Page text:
Paul Lasike

From rugby to NFL: New Zealander’s unconventional journey to Bears

Q & A with Paul Lasike, Chicago Bears hopeful at running back

By Aishwarya Kumar Lakshminarayanapuram

Set aside the fact that Paul Lasike, currently a practice squad running back for the Bears, did not start playing football until his sophomore year at Brigham Young University.

He never watched a football game until the age of 20.

Lasike had a unique journey to the NFL.

“In terms of tackling, if football were more like rugby, there would be lesser concussions. You’re going to get your head out of the way, you’re going to use your shoulders, and you’re going to use your arms more.” — Paul Lasike

A New Zealand-native, the 5-foot-11, 232-pound Lasike moved to the U.S. in 2009 to play rugby for Brigham Young and “get to experience the American culture.” He became an All-American after his freshman year. He moved to Alabama after his freshman year to complete a two-year Mormon mission with the Church of Jesus Christ of Latter-Day Saints. Alabama kindled his interest in football, and when he got back to BYU for his sophomore year, a strength and conditioning coach in the football team watched him during a rugby game. Impressed with his athleticism and ability to pick up skills quickly, he asked him to attend a session for walk-ons.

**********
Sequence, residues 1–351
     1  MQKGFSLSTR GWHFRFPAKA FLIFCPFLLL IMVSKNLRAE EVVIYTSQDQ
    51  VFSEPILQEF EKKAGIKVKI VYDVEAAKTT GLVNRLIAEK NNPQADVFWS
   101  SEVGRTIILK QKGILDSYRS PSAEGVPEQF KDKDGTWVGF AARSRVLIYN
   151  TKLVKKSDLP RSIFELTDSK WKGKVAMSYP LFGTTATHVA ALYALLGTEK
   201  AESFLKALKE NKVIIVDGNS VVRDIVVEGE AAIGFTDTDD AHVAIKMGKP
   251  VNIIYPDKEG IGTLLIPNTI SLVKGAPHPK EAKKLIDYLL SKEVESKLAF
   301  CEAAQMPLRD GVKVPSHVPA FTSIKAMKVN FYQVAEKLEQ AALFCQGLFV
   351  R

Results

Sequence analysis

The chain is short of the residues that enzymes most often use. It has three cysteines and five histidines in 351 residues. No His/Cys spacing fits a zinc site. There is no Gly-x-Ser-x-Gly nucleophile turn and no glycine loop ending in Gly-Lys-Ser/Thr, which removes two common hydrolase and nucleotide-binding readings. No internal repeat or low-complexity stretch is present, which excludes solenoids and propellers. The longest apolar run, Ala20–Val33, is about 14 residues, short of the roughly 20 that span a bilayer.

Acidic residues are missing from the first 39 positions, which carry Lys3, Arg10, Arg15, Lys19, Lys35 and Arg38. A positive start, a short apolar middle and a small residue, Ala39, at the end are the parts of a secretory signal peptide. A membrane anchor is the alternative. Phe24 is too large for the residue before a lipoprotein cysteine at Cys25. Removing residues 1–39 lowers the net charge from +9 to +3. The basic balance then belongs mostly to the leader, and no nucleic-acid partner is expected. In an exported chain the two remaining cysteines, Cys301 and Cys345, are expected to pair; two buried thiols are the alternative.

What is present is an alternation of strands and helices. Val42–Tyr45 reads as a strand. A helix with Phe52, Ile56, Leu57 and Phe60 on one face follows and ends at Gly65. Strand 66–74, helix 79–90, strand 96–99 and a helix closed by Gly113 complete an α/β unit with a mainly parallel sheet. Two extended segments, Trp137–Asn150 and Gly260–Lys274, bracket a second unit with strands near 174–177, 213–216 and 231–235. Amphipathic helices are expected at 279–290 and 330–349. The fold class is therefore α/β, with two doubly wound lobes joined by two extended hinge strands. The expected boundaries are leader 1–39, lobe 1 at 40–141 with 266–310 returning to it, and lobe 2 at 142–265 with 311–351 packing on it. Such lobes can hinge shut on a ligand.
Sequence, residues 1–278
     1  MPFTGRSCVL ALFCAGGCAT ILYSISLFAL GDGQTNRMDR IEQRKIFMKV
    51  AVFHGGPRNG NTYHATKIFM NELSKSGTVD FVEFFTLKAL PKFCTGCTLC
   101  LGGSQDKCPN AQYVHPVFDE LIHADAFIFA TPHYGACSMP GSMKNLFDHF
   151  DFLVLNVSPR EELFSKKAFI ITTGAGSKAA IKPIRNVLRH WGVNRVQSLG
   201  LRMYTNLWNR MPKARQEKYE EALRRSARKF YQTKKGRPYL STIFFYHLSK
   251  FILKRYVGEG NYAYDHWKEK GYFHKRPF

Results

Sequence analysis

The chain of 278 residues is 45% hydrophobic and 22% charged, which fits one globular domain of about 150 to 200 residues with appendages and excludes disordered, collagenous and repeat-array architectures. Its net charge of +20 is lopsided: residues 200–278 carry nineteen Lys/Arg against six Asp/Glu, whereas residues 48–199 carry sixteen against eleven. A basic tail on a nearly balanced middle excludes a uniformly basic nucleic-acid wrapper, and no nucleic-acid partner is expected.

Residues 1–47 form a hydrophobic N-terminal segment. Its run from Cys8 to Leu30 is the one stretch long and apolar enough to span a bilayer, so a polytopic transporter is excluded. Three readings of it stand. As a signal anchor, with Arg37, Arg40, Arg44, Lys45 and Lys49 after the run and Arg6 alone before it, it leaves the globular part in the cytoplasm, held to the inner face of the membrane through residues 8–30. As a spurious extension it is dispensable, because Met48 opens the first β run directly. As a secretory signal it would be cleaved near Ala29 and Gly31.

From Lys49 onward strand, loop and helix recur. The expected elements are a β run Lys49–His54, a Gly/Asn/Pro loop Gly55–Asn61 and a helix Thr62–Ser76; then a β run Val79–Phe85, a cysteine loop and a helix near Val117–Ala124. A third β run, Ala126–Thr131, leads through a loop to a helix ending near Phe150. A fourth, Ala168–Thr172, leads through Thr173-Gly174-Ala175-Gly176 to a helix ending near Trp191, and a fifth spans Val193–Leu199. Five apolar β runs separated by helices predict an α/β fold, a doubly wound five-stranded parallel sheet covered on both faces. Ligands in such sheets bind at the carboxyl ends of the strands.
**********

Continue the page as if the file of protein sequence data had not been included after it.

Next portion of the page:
Paul Lasike
Paul Lasike played three years for the BYU football team from his sophomore to senior year. (Courtesy of Paul Lasike/Brigham Young University).

He passed the test and eventually was given a scholarship to play football for the next three years. He showed the scouts enough potential to warrant the Arizona Cardinals signing him last September to be part of the practice squad. The Cardinals released him that same month, and he caught on with the Bears.

He is the third New Zealand-based player to be part of the NFL; David Dixon and Riki Ellison are the others. Although he did not play a game last season, Lasike is optimistic about breaking through in 2016.

In an edited Q & A, the running back discussed the biggest adjustments he had to make as a football player; the attitude of rugby and football players on field and in the locker room; the challenges he faced in learning a new sport from scratch; and concussions in both sports.

Q: How did you get interested in football?

The first time I ever watched a football game was in Alabama during my Mormon mission. I believe it was [a game] between Alabama and LSU in 2010. And I just remember seeing the athletes. They were big in size, and I could hear the sound of their helmets cracking each other when I watched it on TV. That’s kind of weird, but I kind of liked it when I saw it.